Ruto’s regime should expand markets to boost agricultural products for job creation
he agricultural sector is the backbone of the economy, contributing approximately 33 percent of Kenya's Gross Domestic Product (GDP). The agriculture sector employs more than 40 percent of the total population and 70 percent of the rural population.
By Cynthia Peter
When Dr William Ruto took the oath of office as the 5th president of Kenya a few days ago, one of the things he promised farmers in general was to ensure the availability of farming inputs like fertilizer to all farmers across the country.
His Ugandan counterpart Yowere Kaguta Museveni did hint at the need for the creation of regional markets for agricultural products. This begs the questions on how can local farmers have access to the East African Community market as a way of creating jobs for the youth
Whereas most youth today in the African continent prefer technology related jobs, Agriculture is the single-largest source of income for rural Africans and contributes to a quarter of the continent’s gross domestic product.
The sector occupies more than 70 percent of the labor force in Africa’s low-income countries and contributes to food security and poverty reduction.
Despite the prevalence of agriculture, the World Bank states that 80% of the world’s rural poor earn a living through farming, and the sector employs half the rural population of the entire continent of Africa.
Most smallholder farmers live in poverty, operating crop and livestock farms that aren’t as productive as they could be and missing out on critical opportunities to contribute to their larger food systems.
However, expansion of the agriculture sector can boost incomes of poor families two to four times more effectively than other industries, and two out of three young people outside urban areas in developing countries live where there is the most agro-ecological potential, and the role of youth in agriculture is, in fact, that of immense possibility to grow more food, transform local food systems and build economies that lift entire communities out of poverty.
Consequently, rural areas are in need of numerous programs to enhance the empowerment of youth residing in these locales.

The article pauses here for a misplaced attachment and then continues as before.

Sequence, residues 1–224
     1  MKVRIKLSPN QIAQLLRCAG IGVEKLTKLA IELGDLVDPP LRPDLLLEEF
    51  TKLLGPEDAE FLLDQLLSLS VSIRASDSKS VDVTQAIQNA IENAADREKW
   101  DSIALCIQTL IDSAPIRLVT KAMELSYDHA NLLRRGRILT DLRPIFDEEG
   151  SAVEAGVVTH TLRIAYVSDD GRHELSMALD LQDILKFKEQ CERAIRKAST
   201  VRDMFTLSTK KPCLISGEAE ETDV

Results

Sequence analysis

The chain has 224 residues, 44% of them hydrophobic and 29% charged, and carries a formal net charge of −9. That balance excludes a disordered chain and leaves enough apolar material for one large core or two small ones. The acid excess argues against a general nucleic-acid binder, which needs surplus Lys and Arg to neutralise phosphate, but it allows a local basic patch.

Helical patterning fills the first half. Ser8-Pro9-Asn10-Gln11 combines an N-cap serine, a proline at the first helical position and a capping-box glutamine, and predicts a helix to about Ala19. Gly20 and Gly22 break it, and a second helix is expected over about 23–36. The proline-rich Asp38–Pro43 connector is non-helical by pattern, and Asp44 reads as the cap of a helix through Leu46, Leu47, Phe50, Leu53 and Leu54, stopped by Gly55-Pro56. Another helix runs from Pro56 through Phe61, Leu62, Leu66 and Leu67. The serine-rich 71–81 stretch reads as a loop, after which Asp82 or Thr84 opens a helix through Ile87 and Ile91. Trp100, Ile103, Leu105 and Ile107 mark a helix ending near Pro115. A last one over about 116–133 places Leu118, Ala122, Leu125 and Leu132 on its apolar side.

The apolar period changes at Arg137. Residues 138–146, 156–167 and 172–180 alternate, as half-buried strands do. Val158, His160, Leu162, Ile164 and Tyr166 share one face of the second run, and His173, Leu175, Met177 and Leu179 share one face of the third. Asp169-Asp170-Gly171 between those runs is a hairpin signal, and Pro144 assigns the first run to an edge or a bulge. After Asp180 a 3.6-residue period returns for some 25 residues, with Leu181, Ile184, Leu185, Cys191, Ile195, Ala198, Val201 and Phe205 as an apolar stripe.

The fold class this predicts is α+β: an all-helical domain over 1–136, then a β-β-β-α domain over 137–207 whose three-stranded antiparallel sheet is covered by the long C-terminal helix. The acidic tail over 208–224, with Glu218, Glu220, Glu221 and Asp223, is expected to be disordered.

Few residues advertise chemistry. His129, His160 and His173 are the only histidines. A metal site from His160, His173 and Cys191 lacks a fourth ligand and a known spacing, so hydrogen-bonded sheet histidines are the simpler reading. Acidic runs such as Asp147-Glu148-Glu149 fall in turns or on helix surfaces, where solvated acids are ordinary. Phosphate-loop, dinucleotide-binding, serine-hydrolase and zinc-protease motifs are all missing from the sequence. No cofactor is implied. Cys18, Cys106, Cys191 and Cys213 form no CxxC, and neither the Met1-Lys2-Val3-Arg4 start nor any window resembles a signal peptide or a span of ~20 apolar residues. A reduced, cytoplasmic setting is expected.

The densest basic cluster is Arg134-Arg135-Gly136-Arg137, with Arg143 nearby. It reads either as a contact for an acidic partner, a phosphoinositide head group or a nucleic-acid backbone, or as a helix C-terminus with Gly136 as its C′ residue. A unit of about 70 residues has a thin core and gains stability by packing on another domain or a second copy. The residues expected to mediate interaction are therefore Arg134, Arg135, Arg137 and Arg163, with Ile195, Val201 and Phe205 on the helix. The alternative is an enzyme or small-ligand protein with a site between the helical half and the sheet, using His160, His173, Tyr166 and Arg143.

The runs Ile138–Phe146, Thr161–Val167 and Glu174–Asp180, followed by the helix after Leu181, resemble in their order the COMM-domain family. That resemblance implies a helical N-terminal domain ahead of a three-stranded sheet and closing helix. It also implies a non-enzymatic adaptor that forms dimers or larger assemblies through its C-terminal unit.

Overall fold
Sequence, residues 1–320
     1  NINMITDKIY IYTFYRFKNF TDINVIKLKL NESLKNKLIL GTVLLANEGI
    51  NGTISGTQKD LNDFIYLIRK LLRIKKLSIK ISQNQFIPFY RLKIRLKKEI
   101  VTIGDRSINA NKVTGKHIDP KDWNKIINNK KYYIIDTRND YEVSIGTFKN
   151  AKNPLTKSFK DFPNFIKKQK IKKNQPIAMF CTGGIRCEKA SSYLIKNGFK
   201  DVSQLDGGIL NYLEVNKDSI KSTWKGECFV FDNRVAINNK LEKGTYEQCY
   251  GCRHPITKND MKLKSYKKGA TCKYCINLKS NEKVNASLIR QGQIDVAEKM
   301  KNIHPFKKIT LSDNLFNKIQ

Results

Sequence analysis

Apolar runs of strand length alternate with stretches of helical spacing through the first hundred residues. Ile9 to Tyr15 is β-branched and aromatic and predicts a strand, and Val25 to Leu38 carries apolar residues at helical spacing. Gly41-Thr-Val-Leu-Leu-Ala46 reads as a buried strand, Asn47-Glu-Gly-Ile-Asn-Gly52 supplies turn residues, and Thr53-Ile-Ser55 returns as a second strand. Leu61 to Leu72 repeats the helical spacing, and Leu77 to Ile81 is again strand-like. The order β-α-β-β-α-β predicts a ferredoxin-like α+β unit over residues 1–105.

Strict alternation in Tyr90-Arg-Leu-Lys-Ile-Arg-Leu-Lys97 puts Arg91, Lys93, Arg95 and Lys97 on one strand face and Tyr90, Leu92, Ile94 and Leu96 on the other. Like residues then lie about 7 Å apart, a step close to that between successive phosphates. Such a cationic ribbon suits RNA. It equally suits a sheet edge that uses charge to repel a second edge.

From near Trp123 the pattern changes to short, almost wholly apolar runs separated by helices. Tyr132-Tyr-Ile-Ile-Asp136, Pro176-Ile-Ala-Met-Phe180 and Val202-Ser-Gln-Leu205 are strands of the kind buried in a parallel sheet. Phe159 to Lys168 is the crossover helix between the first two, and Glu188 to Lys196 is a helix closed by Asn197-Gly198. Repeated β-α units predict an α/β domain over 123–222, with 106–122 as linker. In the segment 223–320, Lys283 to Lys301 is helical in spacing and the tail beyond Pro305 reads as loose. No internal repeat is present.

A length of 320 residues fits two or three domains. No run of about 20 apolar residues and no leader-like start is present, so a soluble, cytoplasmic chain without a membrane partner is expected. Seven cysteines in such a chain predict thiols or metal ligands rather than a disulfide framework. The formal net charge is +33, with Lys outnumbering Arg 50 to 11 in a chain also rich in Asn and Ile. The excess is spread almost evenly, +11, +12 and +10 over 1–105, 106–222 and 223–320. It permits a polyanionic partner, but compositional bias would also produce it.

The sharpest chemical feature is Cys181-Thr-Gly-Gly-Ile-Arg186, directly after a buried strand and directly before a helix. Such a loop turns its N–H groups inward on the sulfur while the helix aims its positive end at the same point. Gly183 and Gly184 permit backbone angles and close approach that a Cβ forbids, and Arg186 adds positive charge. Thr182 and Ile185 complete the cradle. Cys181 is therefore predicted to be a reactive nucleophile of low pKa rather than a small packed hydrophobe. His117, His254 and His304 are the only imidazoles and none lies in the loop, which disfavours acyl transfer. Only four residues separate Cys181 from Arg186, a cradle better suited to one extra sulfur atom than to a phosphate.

Rural youth should be motivated to embrace agriculture through finding agriculture as an attractive mode of enterprise. Donkey farming is one of the many agricultural enterprises that the youth could be motivated to venture into.
According to a study done by KARLO, working donkeys are a critical source of income for owners and users. Donkey owners and users earn 87%of their annual gross income from commercial donkey transporting.
This translates to Ksh239,475pa working an average of six days per week. Households in which donkey owners hire laborer to engage in a range of activities earn about 46% of the household annual income from commercial donkey transporting activities.
This translates to Ksh 140,400 annual income from donkey activities per household. Casual donkey laborer household gets 69%of their annual cash from casual labor associated with commercial donkey transporting translating to Ksh 117,000.
Working donkeys also provide a saving, that is derived from the use of donkeys to perform tasks which, if they were not donkey owners, would require an animal to be hired for money from another source and /or involve additional time by the owner’s family to complete. donkey- owning household, on average, use their animal for non-commercial activities for about 660hours throughout the year.
Donkey owning household meet their food, non-food item and other resource need mostly through income generated by working donkeys. The study found that annual income from donkey related activities support household in the purchase of food, household items, payment of social services (which includes education and health care cost). Housing, airtime, clothing and rent (housing cost).
From the study; Donkey owners and users, or households that own donkeys and use them for commercial (and non-commercial) purposes and boda boda household allocate approximately 30% and 25% respectively of their annual income to purchase of food.
Donkey owners that hire laborers to perform donkey-related income earning activities earmarked almost 45% of household income towards food purchase. Donkey laborers that earn a daily wage in exchange for driving a donkey pulled cart allocate nearly 55% of annual expenditure to the purchase of food.
With these statistics, it is evident that donkey farming is a lucrative agricultural enterprise for the youth. KENDAT has been in the forefront to educate the young people on embracing donkey farming to enhance their livelihoods.
We have been doing this through sports and awareness on Alcohol and drug abuse as a way of motivating the young people towards embracing donkey farming especially in Mwea and Nairobi where donkeys form an integral part in the daily activities of these towns. The government however needs to streamline the policies around donkeys as a way of inclusivity for the young generation.
The writer, Cynthia Peter is the Community Development Officer-KENDAT
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